Their children, Alfred junior and Bruce Hordern may not have maintained the house as when it was purchased by Mr and Mrs Norman Jones in 1948 it was in a dilapidated state. The Jones replaced the shingle roof with concrete tiles in the 1960s as part of the restoration.

Historic themes

Australian theme (abbrev)New South Wales themeLocal theme
1. Environment-Tracing the evolution of a continent's special environments Environment - naturally evolved-Activities associated with the physical surroundings that support human life and influence or shape human cultures. Gardens-
1. Environment-Tracing the evolution of a continent's special environments Environment - naturally evolved-Activities associated with the physical surroundings that support human life and influence or shape human cultures. Other open space-
1. Environment-Tracing the evolution of a continent's special environments Environment - naturally evolved-Activities associated with the physical surroundings that support human life and influence or shape human cultures. Introduce cultural planting-
1. Environment-Tracing the evolution of a continent's special environments Environment - naturally evolved-Activities associated with the physical surroundings that support human life and influence or shape human cultures. Changing the environment-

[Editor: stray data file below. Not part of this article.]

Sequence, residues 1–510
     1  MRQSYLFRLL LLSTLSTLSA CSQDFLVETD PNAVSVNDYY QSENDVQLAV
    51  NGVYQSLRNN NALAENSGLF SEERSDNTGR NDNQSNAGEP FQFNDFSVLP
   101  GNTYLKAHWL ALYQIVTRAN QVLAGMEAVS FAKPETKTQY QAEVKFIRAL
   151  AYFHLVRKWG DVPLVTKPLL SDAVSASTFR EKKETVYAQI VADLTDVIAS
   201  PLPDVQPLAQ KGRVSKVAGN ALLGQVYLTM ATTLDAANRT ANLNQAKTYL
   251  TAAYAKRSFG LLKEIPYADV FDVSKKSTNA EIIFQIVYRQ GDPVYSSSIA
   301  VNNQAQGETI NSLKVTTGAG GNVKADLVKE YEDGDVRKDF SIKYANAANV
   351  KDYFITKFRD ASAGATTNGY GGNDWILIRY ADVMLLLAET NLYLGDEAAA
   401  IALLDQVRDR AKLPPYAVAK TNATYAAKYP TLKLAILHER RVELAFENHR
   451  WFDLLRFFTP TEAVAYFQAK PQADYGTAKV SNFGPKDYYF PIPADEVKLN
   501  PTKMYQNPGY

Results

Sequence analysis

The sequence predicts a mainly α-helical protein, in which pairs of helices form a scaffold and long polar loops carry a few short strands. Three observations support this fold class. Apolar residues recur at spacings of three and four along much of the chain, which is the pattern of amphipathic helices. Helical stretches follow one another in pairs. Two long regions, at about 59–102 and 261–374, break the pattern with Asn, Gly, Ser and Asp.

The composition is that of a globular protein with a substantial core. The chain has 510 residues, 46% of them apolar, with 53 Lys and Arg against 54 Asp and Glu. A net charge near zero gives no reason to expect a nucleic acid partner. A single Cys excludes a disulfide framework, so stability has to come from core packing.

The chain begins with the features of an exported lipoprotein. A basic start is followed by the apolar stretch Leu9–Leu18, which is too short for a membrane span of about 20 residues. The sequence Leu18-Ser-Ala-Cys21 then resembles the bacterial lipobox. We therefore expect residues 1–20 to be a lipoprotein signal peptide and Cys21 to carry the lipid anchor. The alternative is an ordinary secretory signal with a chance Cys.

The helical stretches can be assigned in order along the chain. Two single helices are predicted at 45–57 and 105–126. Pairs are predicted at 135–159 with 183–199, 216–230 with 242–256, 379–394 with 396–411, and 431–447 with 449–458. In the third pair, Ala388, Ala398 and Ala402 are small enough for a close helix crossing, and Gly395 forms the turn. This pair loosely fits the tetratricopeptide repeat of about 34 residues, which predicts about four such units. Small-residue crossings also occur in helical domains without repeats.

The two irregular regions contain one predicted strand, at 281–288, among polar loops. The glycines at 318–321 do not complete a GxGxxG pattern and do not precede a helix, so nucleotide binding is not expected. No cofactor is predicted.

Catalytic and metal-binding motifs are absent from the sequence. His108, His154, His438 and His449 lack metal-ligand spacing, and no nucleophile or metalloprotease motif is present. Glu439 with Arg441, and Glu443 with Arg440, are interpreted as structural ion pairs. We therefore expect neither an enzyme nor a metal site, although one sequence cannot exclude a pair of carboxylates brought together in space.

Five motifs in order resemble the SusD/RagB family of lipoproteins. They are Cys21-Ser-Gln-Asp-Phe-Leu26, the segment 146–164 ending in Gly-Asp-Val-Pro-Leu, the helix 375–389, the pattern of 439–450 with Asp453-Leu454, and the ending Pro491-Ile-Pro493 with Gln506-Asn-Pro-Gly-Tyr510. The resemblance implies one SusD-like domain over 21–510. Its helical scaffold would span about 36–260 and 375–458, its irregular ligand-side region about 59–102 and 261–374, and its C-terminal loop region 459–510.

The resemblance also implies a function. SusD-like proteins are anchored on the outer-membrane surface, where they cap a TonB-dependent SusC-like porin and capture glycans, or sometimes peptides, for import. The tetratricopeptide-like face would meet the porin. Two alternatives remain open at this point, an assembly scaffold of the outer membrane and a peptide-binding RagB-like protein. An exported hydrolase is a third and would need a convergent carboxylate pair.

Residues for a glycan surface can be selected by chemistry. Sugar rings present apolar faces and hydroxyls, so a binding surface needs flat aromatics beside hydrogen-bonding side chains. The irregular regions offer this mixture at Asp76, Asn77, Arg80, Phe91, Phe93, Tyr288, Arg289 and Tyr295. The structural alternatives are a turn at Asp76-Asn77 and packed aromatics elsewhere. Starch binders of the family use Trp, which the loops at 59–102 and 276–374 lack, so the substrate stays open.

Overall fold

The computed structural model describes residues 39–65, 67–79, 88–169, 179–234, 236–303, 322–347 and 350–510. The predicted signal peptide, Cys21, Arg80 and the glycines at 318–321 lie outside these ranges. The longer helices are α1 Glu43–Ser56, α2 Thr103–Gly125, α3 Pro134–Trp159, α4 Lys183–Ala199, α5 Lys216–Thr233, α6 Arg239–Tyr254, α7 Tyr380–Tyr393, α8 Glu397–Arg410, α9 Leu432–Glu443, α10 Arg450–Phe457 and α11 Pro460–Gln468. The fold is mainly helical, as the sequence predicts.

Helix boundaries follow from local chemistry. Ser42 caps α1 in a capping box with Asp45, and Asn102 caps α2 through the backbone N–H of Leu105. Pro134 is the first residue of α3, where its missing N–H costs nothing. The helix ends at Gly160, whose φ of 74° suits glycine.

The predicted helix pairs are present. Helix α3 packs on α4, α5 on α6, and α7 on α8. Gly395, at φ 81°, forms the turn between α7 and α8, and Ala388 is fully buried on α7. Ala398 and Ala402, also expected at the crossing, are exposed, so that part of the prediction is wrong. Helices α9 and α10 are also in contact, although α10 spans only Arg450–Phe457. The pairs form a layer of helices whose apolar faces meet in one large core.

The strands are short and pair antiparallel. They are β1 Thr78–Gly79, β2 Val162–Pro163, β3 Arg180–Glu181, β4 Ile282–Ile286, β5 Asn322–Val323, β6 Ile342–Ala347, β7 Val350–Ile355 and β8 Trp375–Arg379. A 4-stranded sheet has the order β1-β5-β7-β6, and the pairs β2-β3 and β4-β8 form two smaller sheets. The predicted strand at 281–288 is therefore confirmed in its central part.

3. Economy-Developing local, regional and national economies Commerce-Activities relating to buying, selling and exchanging goods and services Retailing-
3. Economy-Developing local, regional and national economies Commerce-Activities relating to buying, selling and exchanging goods and services Developing Commercial Enterprise-
3. Economy-Developing local, regional and national economies Environment - cultural landscape-Activities associated with the interactions between humans, human societies and the shaping of their physical surroundings Developing local, regional and national economies-National Theme 3